safety belt quickly if you ever had to.
5. Pull the rest of the lap belt all the way out of the
retractor to set the lock.
1-51
Larger Children
6. To tighten the belt, feed the lap belt back into the
retractor while you push down on the child restraint.
~
~
~
7. Push and pull the child restraint in different
directions to be sure it is secure.
Children who have outgrown child restraints should
wear the vehicle’s safety belts.
To remove the child restraint, just unbuckle the vehicle’s
safety belt and let it go back all the way. The safety belt
will move freely again and be ready to work for an adult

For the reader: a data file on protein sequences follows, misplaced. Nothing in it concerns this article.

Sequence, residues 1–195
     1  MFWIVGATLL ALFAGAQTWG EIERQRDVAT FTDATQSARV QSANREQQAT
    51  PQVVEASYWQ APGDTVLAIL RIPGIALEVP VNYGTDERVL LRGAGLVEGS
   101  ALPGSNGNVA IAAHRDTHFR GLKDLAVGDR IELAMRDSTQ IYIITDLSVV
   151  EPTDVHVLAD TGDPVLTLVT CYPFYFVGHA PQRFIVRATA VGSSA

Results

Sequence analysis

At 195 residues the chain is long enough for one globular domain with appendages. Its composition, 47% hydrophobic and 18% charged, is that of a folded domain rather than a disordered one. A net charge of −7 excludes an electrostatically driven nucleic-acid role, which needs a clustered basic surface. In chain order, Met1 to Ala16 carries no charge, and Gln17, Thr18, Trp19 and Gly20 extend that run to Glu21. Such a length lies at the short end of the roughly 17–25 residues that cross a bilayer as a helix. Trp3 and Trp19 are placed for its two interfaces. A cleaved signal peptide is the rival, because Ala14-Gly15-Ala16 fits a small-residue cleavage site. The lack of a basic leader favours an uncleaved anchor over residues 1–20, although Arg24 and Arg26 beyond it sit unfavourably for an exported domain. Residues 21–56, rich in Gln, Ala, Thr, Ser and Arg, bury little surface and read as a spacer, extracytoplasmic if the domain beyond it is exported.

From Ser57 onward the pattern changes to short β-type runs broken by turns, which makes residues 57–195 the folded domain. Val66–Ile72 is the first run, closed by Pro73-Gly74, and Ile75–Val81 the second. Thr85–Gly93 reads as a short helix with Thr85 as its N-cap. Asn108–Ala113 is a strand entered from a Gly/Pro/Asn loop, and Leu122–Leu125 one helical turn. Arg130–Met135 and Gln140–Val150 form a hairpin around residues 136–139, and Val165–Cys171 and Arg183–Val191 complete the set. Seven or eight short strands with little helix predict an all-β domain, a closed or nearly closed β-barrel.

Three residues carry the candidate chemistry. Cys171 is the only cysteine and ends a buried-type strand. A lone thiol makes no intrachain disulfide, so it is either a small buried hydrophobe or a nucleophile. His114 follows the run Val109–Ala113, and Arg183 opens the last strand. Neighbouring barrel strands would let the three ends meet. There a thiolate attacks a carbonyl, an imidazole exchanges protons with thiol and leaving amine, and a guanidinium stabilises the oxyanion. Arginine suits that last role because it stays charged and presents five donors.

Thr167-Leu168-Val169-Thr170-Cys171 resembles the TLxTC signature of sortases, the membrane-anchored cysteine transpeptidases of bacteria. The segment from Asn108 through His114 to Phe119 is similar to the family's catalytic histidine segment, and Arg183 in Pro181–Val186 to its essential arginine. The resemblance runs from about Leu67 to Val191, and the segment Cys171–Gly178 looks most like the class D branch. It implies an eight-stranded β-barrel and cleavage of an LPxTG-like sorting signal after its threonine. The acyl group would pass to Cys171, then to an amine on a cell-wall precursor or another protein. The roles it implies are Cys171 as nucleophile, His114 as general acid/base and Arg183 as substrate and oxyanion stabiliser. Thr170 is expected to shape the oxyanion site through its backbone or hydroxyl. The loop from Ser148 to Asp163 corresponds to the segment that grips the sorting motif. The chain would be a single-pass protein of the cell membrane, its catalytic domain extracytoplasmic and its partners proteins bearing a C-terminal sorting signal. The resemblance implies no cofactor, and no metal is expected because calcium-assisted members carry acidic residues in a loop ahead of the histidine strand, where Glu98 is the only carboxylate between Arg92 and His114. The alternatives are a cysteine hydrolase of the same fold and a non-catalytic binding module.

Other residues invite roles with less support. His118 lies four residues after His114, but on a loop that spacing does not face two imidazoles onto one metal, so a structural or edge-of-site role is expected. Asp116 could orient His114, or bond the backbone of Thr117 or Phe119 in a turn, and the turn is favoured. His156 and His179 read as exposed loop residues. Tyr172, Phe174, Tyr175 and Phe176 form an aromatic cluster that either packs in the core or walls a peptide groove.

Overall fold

or larger child passenger.
If you have the choice, a child should sit next to a
window so the child can wear a lap-shoulder belt and
get the additional restraint a shoulder belt can provide.
1-52
Accident statistics show that children are safer if they
are restrained in the rear seat. But they need to use the
safety belts properly.
Children who aren’t buckled up can be thrown out in
a crash.
Children who aren’t buckled up can strike other
people who are.
Never do this.
Here two children are wearing the samebelt. The
belt can’t properly spread the impactforces. In a
crash, thetwo children can be crushed together
and seriously injured. A belt must be used by
only one person at a time.
What if a child is wearing a lap-shoulder belt,
but thechild is so small that the shoulder belt
is
very close to thechild’s faceor neck?
A:
Move the child toward the center of the vehicle, but
be sure that the shoulder belt still is on the child’s
shoulder, so that in a crash the child’s upper body